In Wesleyan-Arminian theology, which is upheld by the Methodist Church as well as by Holiness Churches, "sanctification, the beginning of holiness, begins at the new birth".[20] With the Grace of God, Methodists "do works of piety and mercy, and these works reflect the power of sanctification".[21] Examples of these means of grace (works of piety and works of mercy) that aid with sanctification include frequent reception of the sacrament of Holy Communion (work of piety),[22] and visiting the sick and those in prison (work of mercy).[23] Wesleyan covenant theology also emphasizes that an important aspect of sanctification is the keeping of the moral law contained in the Ten Commandments.[24] As such, in "sanctification one grows to be more like Christ."[25] This process of sanctification that begins at the new birth (first work of grace) has its goal as Christian perfection, also known as entire sanctification (second work of grace),[20][26] which John Wesley, the progenitor of the Methodist faith, described as a heart "habitually filled with the love of God and neighbor" and as "having the mind of Christ and walking as he walked".[27] This is the doctrine that by the power of God's sanctifying grace and attention upon the means of grace may cleanse a Christian of the corrupting influence of original sin in this life. It is expounded upon in the Methodist Articles of Religion:[28]

Sanctification is that renewal of our fallen nature by the Holy Ghost, received through faith in Jesus Christ, whose blood of atonement cleanseth from all sin; whereby we are not only delivered from the guilt of sin, but are washed from its pollution, saved from its power, and are enabled, through grace, to love God with all our hearts and to walk in his holy commandments blameless.[28]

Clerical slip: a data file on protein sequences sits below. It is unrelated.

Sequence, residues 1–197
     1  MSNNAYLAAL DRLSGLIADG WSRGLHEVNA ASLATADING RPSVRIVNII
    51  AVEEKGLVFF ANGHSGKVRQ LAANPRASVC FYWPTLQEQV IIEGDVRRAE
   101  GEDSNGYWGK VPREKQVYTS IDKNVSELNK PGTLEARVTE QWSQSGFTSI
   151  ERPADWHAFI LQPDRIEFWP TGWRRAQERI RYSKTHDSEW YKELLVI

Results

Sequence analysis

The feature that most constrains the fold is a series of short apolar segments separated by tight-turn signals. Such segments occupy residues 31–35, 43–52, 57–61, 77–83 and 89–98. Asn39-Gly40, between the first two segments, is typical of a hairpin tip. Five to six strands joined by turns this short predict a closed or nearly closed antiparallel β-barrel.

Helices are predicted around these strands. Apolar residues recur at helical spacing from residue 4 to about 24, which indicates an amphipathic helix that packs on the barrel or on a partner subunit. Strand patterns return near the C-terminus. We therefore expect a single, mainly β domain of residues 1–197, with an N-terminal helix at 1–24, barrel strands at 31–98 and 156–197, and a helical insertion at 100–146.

Justification is seen as an initial step of acknowledging God's holiness, with sanctification as, through the grace and power of God, entering into it. A key scripture is Hebrews 12:14: "Follow after...holiness, without which no one shall see the Lord." The Wesleyan Church (formerly known as the Wesleyan Methodist Church) states that sanctification has three components—initial, progressive, and entire:[29]

We believe that sanctification is that work of the Holy Spirit by which the child of God is separated from sin unto God and is enabled to love God with all the heart and to walk in all His holy commandments blameless. Sanctification is initiated at the moment of justification and regeneration. From that moment there is a gradual or progressive sanctification as the believer walks with God and daily grows in grace and in a more perfect obedience to God. This prepares for the crisis of entire sanctification which is wrought instantaneously when believers present themselves as living sacrifices, holy and acceptable to God, through faith in Jesus Christ, being effected by the baptism with the Holy Spirit who cleanses the heart from all inbred sin. The crisis of entire sanctification perfects the believer in love and empowers that person for effective service. It is followed by lifelong growth in grace and the knowledge of our Lord and Savior, Jesus Christ. The life of holiness continues through faith in the sanctifying blood of Christ and evidences itself by loving obedience to God’s revealed will.[29]